Kyphosis refers to is an abnormally excessive convex curvature of the spine as it occurs in the thoracic and sacral regions.

Kyphosis can result from degenerative disc disease; developmental abnormalities, most commonly Scheuermann’s disease; osteoporosis with compression fractures of the vertebra; multiple myeloma; or trauma. 

The normal thoracic spine extends from the 1st thoracic to the 12th thoracic vertebra and should have a slight kyphotic angle, ranging from 20° to 45°. 

When the roundness of the upper spine increases past 45° it is called kyphosis or hyperkyphosis.

Scheuermann’s kyphosis is the most classic form of hyperkyphosis.

Scheuermann’s kyphosis is the result of wedged vertebrae that develop during adolescence. 

The cause is not currently known and the condition appears to be multifactorial and is seen more frequently in males than females.

This causes a bowing of the back, seen as a slouching posture. 

Kyphosis is distinguished from scoliosis, a condition in which the spine has a sideways curve.

High degrees of kyphosis may be associated with severe pain and discomfort, breathing and digestion difficulties, cardiovascular irregularities, neurological compromise and, in the more severe cases, significantly shortened life spans. 

Severe curves typically do not respond well to conservative treatment and almost always warrant spinal fusion surgery, which can restore the body’s natural degree of curvature.

The risk of serious complications from spinal fusion surgery for kyphosis is estimated to be 5%.

5% of patients require reoperation within five years of the procedure.

Surgery is a cosmetic choice.

Kinds of kyphosis:

Postural kyphosis is the most common type, normally attributed to slouching, can occur in both the old and the young. 

In the young, slouching is reversible by correcting muscular imbalances. 

In the old, it is called dowager’s hump.

About one third of the most severe hyperkyphosis cases in older people have vertebral fractures.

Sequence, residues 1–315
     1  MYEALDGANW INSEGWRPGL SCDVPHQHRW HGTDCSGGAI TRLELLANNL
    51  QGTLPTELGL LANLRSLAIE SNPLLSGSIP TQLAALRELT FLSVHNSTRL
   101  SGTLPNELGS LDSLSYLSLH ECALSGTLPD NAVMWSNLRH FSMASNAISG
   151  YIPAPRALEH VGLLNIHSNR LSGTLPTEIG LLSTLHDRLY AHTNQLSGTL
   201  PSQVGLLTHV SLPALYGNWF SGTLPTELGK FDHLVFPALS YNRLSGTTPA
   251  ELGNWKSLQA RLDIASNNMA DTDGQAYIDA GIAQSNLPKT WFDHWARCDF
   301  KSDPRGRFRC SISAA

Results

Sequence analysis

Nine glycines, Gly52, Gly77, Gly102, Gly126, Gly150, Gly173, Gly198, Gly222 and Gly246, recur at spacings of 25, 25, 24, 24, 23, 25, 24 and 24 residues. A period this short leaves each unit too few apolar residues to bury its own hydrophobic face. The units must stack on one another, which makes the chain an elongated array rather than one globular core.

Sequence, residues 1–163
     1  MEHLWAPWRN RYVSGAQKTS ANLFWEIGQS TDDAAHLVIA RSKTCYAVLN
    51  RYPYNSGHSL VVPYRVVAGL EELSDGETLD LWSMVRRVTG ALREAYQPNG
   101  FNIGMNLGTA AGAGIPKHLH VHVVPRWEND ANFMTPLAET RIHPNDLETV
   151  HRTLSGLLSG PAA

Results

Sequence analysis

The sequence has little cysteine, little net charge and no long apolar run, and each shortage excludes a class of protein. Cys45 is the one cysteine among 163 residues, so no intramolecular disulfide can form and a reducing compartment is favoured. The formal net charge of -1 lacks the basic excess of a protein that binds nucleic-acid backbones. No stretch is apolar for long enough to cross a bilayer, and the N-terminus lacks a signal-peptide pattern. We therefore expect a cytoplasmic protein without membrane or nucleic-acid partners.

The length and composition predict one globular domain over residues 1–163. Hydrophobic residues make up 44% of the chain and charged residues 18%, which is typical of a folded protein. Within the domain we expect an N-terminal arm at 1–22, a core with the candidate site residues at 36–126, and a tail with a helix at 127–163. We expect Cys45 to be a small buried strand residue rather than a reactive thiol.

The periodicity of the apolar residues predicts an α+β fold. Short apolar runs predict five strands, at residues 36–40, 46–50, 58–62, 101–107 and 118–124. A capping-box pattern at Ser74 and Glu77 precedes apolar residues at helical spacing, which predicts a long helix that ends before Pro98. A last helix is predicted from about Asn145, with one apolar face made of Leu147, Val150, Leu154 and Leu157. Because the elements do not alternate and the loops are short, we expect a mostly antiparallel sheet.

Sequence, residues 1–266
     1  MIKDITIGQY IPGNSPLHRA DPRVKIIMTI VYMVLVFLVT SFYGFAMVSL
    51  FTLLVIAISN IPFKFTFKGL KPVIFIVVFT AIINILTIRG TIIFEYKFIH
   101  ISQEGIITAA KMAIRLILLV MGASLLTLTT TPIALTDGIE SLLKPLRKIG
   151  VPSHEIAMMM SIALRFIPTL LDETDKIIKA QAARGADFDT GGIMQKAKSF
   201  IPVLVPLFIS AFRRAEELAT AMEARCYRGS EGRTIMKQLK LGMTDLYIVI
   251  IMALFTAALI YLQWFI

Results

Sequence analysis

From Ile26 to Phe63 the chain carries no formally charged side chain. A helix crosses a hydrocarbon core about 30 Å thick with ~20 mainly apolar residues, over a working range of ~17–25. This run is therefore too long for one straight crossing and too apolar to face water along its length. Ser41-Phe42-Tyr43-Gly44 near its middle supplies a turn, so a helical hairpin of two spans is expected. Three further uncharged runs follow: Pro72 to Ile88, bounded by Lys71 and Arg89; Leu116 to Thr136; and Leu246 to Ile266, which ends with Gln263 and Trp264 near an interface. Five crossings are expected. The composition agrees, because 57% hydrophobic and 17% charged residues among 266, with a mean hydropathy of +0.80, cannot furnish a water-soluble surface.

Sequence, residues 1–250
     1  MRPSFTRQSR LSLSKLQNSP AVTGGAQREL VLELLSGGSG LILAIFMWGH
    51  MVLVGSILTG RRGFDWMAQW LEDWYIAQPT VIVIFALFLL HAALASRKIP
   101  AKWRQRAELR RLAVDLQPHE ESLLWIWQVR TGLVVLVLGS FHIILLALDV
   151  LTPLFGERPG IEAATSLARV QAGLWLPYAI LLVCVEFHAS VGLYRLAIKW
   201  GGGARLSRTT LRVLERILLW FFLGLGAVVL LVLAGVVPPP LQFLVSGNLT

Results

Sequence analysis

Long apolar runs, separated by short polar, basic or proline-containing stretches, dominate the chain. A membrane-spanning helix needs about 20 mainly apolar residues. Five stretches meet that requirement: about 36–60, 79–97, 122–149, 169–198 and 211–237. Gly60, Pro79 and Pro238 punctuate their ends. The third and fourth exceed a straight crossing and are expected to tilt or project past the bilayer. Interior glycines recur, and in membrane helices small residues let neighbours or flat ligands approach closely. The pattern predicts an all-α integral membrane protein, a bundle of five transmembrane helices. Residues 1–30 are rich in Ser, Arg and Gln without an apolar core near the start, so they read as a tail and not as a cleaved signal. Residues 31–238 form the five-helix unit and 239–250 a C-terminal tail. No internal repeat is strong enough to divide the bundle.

The aging body moves towards a loss of musculoskeletal integrity, and hyperkyphosis can develop due to aging alone.

Scheuermann’s kyphosis is significantly worse cosmetically and can cause pain.

Scheuermann’s kyphosis  can also affect different areas of the spine, but most commonly being the midthoracic area.

Scheuermann’s kyphosis is considered a form of juvenile osteochondrosis.

Scheuermann’s disease is found mostly in teenagers and presents a significantly worse deformity than postural kyphosis. 

A patient with  Scheuermann’s kyphosis cannot consciously correct posture.

The apex of the curve, located in the thoracic vertebrae, is quite rigid, and may be associated pain, 

which can be aggravated by physical activity and by long periods of standing or sitting. 

In  postural kyphosis, the vertebrae and discs appear normal.

Fatigue is a very common symptom, with kyphosis because of the intense muscle work that has to be put into standing or sitting properly. 

Kyphosis appears to run in families. 

Most patients who undergo surgery to correct their kyphosis have Scheuermann’s disease.

In Congenital kyphosis the spinal column does not develop correctly in the womb. 

Vertebrae may be malformed or fused together and can cause further progressive kyphosis as the child develops.

Surgical treatment may be necessary in congenital kyphosisat a very early stage and can help maintain a normal curve.

A congenital kyphosis can appear in the teenage years, more commonly in children with cerebral palsy and other neurological disorders.

Nutritional kyphosis can result from nutritional deficiencies, especially during childhood, such as vitamin D deficiency: 

softening bones and resulting in the curving of the spine and limbs under the child’s body weight.

Gibbus deformity kyphosis, often a sequela to tuberculosis.

Post-traumatic kyphosis can arise from untreated or ineffectively treated vertebral fractures.

Kyphosis can be graded in severity by the sagittal balance, which is the horizontal distance between the center of C7 and the superior-posterior border of the endplate of S1 on a lateral radiograph.

A diagnosis of kyphosis is generally made through observation and measurement. 

Osteoporotic associated kyphosis, can be confirmed with a bone density scan. 

Postural thoracic kyphosis can often be treated with posture education and focused strengthening exercises. 

Thoracic kyphosis due to vertebral wedging, fractures, or vertebral abnormalities is more difficult to manage.

Assuming a correct posture may not be possible with structural changes in the vertebrae. 

Children who have not completed their growth may show improvements with bracing. 

A variety of gravity-assisted positions or gentle traction can minimize pain.

Surgery may be recommended for severe idiopathic kyphosis.

There are different curve patterns for the thoracic, thoracolumbar, and lumbar types of braces.

Surgical treatment can be used in severe kyphosis cases. 

With progressive kyphotic deformity due to vertebral collapse,  a kyphoplasty may arrest the deformity and relieve the pain. 

Kyphoplasty is a minimally invasive procedure, requiring only a small opening in the skin to return the damaged vertebra as close as possible to its original height.

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